It’s definitely worth tracking engagement metrics across devices as these may indicate some formatting issues on your website that need to be addressed.
Now for arguably the most important part of the report: conversions. Although every nonprofit is different, generally speaking, the success of your online presence will come down to two key goals: the number of online donations and the number of volunteers. The conversion page aims to provide an overview of the process, or funnel, users go through to donate and/or volunteer so that you can identify areas for improvement. Tracking progress on the conversion rate of each of these stages to continue to make minor improvements over time can have a huge impact on goal performance.
Whilst these are the conversions included in our template, don’t forget that these can be highly customised to your nonprofit – arrange a free consultation for our advice on which goals you should track.
The donation process generally follows these stages: total page views on your website (indicates how much traffic your website receives), total page views on your donation page, and total overall donations. You’ll notice that the conversion rates are all the same in this demo example but those figures could provide great insights for your organisation. You’ll also want to monitor the average donation as even slight increases here will have a massive impact on your overall donations.
For a quick win, to increase average donation size consider installing a seamless donation system which allows for gift aid reclaim and the option for the donor to cover the transaction fees. These two features alone have the possibility to increase the average donation amount by 20-30%!
The same can be said for your volunteer page. If you’re finding a low conversion rate from your page to actual sign ups, consider changing the content or reducing the amount of information you request on the sign up form.
This is arguably the most important table in our report template. You’ll want to record the highest converting sources of website traffic and focus on these in your marketing efforts to increase conversions. You may find that some channels are better for volunteers and some are better for donations – using this information you can create tailored campaigns depending on your goals.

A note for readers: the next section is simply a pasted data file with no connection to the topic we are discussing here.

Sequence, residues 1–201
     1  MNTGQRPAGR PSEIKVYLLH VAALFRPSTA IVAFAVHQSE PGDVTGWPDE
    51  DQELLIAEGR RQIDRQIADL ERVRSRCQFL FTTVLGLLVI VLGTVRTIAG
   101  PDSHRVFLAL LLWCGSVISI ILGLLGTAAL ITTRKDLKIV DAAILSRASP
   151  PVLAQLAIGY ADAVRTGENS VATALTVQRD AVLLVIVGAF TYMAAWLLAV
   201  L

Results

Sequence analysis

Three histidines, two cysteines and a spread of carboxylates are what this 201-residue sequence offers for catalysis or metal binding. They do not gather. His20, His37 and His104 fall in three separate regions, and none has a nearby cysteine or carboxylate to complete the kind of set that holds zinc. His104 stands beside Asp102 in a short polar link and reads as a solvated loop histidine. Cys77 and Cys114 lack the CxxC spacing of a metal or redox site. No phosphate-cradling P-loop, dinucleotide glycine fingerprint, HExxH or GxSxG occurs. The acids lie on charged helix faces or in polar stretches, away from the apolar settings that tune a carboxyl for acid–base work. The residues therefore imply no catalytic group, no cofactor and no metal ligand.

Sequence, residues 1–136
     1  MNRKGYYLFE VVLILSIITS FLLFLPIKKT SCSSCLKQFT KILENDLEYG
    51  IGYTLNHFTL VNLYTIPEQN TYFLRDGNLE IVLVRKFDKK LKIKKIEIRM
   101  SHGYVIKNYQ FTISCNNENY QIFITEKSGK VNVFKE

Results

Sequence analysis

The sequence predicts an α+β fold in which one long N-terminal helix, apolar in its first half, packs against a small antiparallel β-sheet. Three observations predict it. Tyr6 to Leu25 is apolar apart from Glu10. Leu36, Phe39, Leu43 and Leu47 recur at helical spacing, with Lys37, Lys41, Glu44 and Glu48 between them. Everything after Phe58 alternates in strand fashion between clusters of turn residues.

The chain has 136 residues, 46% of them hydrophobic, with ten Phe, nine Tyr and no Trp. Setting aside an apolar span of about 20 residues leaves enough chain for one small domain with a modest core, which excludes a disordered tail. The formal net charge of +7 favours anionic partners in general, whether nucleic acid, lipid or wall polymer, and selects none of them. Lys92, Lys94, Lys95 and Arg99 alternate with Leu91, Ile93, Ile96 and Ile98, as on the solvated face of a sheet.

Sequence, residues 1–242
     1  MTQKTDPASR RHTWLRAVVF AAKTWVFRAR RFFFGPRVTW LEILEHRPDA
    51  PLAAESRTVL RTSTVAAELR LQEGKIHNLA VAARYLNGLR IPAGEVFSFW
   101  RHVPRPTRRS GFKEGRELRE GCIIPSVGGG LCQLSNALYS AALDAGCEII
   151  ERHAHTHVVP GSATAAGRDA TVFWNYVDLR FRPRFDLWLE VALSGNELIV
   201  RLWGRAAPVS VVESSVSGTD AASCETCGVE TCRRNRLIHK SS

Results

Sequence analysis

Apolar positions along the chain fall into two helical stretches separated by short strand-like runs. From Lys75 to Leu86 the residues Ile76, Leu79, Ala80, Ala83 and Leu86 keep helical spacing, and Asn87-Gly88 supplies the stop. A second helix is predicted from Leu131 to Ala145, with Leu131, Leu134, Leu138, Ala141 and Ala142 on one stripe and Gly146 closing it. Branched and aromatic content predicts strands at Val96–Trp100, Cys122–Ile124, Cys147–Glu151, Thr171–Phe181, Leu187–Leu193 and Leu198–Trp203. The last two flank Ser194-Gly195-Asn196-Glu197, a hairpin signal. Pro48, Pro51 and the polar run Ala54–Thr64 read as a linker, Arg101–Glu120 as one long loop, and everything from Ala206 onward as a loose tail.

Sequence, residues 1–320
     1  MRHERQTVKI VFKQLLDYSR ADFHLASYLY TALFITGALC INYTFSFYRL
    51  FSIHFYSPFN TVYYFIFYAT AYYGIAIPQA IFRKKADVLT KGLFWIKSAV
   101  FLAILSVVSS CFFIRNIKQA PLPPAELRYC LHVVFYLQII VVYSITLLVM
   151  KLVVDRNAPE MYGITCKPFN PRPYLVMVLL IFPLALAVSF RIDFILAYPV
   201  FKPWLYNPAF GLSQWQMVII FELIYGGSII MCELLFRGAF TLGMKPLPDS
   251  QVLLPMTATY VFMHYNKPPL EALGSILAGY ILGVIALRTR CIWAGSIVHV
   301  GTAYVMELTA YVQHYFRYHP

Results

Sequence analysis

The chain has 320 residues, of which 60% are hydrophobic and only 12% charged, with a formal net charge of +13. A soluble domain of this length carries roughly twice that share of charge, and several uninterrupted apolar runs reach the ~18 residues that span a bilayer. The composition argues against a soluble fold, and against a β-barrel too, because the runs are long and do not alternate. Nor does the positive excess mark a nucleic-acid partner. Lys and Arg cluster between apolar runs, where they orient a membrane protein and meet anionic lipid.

Other Analytics Features
So there you have it: a summary of how to use our nonprofits analytics dashboards. As a reminder, the dashboards are designed to give you and your team a high-level overview of how your online presence is progressing. To drill down into some more specific information you’ll want to customise the template to your needs and make use of some of our further analytics features.
Some popular examples include:
- Visitor recordings: watch how real visitors use your site
- Heat maps: visual representations of clicks, taps and scrolling on your key webpages.
- User feedback: visual, specific feedback from users about your site
- Split testing: using different versions of a webpage to see which one results in the most conversions.
How can Twenti help?
We can help you set up and track your website analytics, and make it easy to view your progress with simple, visual dashboards and reports. We can also help you acquire and manage the Google Ad Grant which offers nonprofits $10,000 a month (approx. £100,000/year) to advertise your cause.
For more information you can sign up for a free eligibility check and if you’re looking for some inspiration for your new website you can try our nonprofit template for 20-days for free.